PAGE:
Women from Chambal stitch a success story, turn crisis into opportunity
The women made a comeback even after their first venture to sell dry mushrooms failed-- due to the lockdown induced by coronavirus---and left them in debt.
A group of 10 women from a backward village in Madhya Pradesh that has the poorest sex and child at birth sex ratios in the Chambal division, have proved their mettle and earned everyone’s respect by not only becoming the sole bread-earners of their families during the economic crisis engendered by coronavirus pandemic but also helped 100 other women earn their livelihoods. It’s their journey from debt-ridden women to becoming owners of a café and stitching centre, which is inspiring all.
The ten women of Dhurkuda village of Morena district, where the female sex ratio is 871 for 1,000 men-- which is 60 points lower than the state’s average sex ratio of 931-- and child sex ratio is just 794 girls for 1,000 boys i.e., 124 points lower than the state average of 918, according to census 2011, dreamt in January of becoming entrepreneurs for financially supporting their families.
According to the women, they took a loan of Rs 1 lakh and started a dry mushroom business. However, they were left in debt of Rs 50,000 due to the Covid-19 lockdown. They faced criticism and embarrassment as their business failed. The women started making masks in April. They invited at least 100 other women from different villages to become a part of their mask-making business.
“They changed their destiny with their hard work and made 83,000 masks from May to November. They earned Rs 8.3 lakh and made Rs 4.3 lakh of profit. Now, these women have started a Didi café and stitching centre at tehsil office in Pahargarh block and some of them emerged as sole bread-earners of their families,” said Dinesh Singh, district project manager of National Rural Livelihood Mission (NRLM) of Morena.
A member of the group Aradhna Dhakad, 40, said, “In our area, women are still treated as second-class citizens who have no voice and say in anything.”
“I am a post graduate and I wanted to do something to improve the condition of women in my village. In January, I came in contact with these nine women and we decided to do some work to set an example that women can also earn money,” said Aradhna.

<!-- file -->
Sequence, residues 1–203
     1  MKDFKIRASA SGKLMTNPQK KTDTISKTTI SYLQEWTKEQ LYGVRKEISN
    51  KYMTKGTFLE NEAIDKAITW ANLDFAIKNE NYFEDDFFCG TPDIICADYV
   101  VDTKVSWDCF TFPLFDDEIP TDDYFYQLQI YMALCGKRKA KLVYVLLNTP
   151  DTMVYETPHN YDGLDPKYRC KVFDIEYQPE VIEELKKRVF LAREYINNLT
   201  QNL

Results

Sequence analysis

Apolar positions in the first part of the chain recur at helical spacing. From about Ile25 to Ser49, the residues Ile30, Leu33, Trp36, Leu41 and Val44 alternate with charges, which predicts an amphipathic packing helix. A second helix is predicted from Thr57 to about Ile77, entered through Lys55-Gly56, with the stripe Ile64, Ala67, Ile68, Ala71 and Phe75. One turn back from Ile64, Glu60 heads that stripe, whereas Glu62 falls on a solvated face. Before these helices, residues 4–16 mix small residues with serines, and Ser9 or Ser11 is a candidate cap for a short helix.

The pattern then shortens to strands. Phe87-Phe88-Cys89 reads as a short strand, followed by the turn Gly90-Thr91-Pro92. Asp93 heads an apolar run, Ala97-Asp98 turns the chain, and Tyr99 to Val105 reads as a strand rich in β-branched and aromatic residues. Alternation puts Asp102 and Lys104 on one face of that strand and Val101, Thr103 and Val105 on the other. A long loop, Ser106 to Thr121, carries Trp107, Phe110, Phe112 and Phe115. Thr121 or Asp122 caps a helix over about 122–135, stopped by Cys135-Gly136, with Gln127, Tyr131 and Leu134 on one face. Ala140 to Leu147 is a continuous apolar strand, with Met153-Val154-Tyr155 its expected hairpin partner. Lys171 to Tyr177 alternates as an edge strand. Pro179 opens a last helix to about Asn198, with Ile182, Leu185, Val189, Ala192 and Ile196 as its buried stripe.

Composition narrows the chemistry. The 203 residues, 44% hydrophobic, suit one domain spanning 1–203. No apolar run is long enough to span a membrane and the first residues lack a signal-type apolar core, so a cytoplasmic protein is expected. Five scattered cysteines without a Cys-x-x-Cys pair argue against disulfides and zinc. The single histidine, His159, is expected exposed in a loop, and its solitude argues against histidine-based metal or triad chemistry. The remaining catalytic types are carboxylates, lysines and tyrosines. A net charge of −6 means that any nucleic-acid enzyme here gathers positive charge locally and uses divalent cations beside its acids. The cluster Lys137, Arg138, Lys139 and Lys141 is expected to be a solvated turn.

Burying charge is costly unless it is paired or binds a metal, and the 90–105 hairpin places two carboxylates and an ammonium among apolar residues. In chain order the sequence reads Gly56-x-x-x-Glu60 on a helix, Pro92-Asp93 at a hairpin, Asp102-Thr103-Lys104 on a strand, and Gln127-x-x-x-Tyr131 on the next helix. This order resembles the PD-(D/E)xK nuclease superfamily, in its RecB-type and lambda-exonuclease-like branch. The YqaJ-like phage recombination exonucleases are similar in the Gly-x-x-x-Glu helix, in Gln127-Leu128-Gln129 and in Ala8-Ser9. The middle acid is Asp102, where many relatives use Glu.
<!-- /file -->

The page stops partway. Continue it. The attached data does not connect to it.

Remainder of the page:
She says forming a self-help group to sell dry mushrooms was the first step.
“We took a loan of Rs 1 lakh under National Rural Livelihood Mission (NRLM) and started the work of drying mushrooms in January. But before we could have started the business, lockdown was imposed in the country. We were in debt of Rs 50,000.”
Aradhna says it opened them up to severe criticism. “People started giving suggestions and opinions to us that women should stay at home and women don’t understand the basics of business,” she said.
Another member of the group, Ravita Shakya, 28, said, “We failed in our business and my husband, who was a labourer, also came back from Delhi to the village after the lockdown. We were facing a tough time as we didn’t have money to have food properly. I was ready to do any hard work to help my family financially.”
Ravita said it was Morena district project manager of NRLM, Dinesh Singh, who told them about the demand for masks in rural areas. “We collected Rs 2,000 to purchase clothes and other items to start stitching masks,” said Ravita.
“We stitched about 300 masks in a month and earned Rs 3,000. It boosted our confidence and panchayat secretaries and sarpanchs helped us in selling the masks,” said Anita Dhakad, another member of the group.
She went on to say that the pioneering group of women then contacted at least 100 more women, mainly migrant labourers from different villages, for stitching masks and gave them Rs 25 per 10 masks. “In the past seven months, we stitched about 83,000 masks,” said Anita.
“When we earned Rs 3,000 by selling masks, I can’t explain my happiness as my son was ill and I didn’t have money for his treatment. All the women of the group decided to give money for treatment of my son,” said Renu Jatav, 30.
She also acknowledges a swift change in how she is now treated by her family and others. “As my husband has no work, I bear financial burden of my family. Now, family members and other relatives have started respecting me,” said Renu.
Aradhna Dhakad, said the women have decided to establish a more permanent business. “We started a café and a stitching centre in December first week. We are getting good response as women and men both are coming to us for work and guidance,” said Aradhna.
Morena district collector Anurag Verma hopes this group’s story may perhaps help in mindset change. “We will promote the story of these 10 women in the area to change the mindset of people towards women and to empower women. Such successful stories will definitely improve the sex ratio of the district,” Verma said.
(With inputs from Shiv Pratap Singh from Morena)